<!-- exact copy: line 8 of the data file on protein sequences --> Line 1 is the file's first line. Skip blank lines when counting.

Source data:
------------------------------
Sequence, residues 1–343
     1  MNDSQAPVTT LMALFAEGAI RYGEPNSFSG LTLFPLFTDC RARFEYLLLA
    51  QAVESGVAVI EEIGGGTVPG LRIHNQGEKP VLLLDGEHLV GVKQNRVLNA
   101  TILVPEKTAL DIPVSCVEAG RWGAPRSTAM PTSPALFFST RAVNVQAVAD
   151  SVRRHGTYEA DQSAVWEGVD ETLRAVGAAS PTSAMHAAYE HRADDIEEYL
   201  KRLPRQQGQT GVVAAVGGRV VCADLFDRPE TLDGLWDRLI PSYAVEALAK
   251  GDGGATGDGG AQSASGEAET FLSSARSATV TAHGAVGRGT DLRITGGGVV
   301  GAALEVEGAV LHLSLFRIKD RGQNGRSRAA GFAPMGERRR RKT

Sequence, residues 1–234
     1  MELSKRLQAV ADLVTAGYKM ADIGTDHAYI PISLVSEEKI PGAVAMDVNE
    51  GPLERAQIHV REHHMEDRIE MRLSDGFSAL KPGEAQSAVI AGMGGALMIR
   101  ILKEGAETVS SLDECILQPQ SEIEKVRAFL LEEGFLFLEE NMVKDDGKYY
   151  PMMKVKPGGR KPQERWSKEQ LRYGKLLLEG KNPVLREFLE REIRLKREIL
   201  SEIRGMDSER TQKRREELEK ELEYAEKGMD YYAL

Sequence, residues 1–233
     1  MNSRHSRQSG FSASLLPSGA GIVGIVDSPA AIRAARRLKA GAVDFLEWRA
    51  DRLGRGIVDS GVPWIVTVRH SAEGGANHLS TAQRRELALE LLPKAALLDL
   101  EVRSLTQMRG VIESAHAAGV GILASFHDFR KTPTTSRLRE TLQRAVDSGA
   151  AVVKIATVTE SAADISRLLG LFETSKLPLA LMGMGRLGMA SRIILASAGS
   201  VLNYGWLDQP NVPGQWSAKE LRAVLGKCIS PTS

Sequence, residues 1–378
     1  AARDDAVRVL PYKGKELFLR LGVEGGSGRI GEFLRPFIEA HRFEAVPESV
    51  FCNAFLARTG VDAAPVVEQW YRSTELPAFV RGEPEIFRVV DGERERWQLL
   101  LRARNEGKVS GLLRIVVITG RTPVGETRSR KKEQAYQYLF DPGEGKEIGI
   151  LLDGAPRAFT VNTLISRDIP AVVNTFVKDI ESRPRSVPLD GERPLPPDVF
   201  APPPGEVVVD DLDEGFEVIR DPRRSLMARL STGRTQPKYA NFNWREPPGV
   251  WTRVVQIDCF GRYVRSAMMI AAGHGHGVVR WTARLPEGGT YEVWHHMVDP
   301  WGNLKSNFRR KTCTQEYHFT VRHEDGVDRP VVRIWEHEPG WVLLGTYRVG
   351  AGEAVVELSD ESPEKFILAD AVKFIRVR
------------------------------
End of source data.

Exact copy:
   301  GAALEVEGAV LHLSLFRIKD RGQNGRSRAA GFAPMGERRR RKT